Dr Nicholas Bevan

Dr Nicholas Bevan

Wednesday, 4 March 2015


The Court of Appeal's decision is expected soon.

In June last year I posted a blog reporting on Mr Justice Jay's important decision in Delaney v Secretary of State for Transport [2014] EWHC 1785, see DfT EXPOSED FOR DEFYING EU LAW.

I have been following this case with great interest.

This was a case in which the claimant was injured in a road traffic accident whilst riding in the car as a passenger.  He was refused compensation, first by the responsible driver's motor insurers and later by the Motor Insurers Bureau (MIB). When he pursued his claim in court, he failed in the High Court and again in the Court of Appeal (Delaney v Pickett [2011] EWCA Civ 1532). I wrote a series of no holes barred critiques of both decisions in the New Law Journal and elsewhere explaining that our national law provision that permits the MIB to exclude liability to compensate such victims is inconsistent with superior European law and how both courts had failed in their duty to apply a European law consistent interpretation of our defective national law provision.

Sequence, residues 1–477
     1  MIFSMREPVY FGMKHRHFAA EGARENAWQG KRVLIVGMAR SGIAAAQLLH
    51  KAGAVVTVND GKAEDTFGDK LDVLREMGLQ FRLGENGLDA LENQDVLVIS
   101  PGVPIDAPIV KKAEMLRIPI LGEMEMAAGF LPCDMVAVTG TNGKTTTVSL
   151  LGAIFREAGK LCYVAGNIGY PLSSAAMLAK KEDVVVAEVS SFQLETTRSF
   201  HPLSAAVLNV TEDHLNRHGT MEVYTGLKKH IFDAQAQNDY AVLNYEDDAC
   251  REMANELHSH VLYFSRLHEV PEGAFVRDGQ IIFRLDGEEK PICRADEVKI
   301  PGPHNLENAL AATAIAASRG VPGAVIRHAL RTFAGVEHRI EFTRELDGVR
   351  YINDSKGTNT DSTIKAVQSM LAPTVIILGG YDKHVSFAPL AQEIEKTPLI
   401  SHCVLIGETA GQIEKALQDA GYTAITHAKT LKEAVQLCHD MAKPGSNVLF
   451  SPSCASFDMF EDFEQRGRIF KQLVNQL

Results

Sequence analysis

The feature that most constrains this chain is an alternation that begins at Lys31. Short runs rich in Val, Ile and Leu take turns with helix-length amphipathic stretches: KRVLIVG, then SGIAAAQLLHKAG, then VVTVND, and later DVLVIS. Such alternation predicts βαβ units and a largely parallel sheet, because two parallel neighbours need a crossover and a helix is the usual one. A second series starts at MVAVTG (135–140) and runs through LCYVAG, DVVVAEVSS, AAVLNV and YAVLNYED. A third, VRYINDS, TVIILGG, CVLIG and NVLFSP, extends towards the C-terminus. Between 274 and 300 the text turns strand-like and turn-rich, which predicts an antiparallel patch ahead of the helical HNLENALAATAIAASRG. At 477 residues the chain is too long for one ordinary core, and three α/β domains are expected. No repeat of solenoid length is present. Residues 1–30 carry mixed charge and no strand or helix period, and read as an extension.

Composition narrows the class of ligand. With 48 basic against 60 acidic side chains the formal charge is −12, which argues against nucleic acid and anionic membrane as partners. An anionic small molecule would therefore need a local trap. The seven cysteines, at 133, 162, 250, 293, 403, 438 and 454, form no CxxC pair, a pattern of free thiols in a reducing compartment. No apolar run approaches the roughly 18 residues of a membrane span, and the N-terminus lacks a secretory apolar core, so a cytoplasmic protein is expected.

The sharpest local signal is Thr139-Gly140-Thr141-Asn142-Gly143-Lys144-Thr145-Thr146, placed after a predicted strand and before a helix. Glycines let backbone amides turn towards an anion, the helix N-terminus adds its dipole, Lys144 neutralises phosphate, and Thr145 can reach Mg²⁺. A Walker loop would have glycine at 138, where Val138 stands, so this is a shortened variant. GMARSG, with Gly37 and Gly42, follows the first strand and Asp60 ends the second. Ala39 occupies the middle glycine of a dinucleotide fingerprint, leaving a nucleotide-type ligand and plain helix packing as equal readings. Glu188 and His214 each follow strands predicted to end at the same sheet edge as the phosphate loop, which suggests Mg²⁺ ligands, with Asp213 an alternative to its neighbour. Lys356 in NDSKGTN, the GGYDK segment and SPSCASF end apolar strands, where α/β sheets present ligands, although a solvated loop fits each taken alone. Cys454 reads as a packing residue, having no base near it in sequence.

Unfortunately the European law aspect of this case came to the notice of the parties too late to take the case on to the Supreme Court.  A fresh team of barristers was instructed to pursue a claim against the Secretary of State for Transport, seeking compensation for the loss sustained by the claimant through the minister's failure to fully implement the European directives on motor insurance.  The claimant won this time.

Furthermore, the trial judge was highly critical of the minster's failure to undertake a proper comparative law exercise to ensure that the law that he was responsible was compliant with the relevant European law, despite the need for such a review being obvious following an earlier legal challenge.

However, the Secretary of State appealed that decision.  The Court of Appeal heard the minister's appeal on 10 and 11 February this year. Its judgment is expected sometime this Spring.  It would be wrong to comment on the likely outcome of the appeal but the writer is confident of a just outcome.

I will comment on the Court of Appeal's decision as soon as this is known.

The Delaney case is the tip of the iceberg. I have identified over 40 instances where our national law implementation fails to comply with the minimum standards of compensatory protection required under European law.

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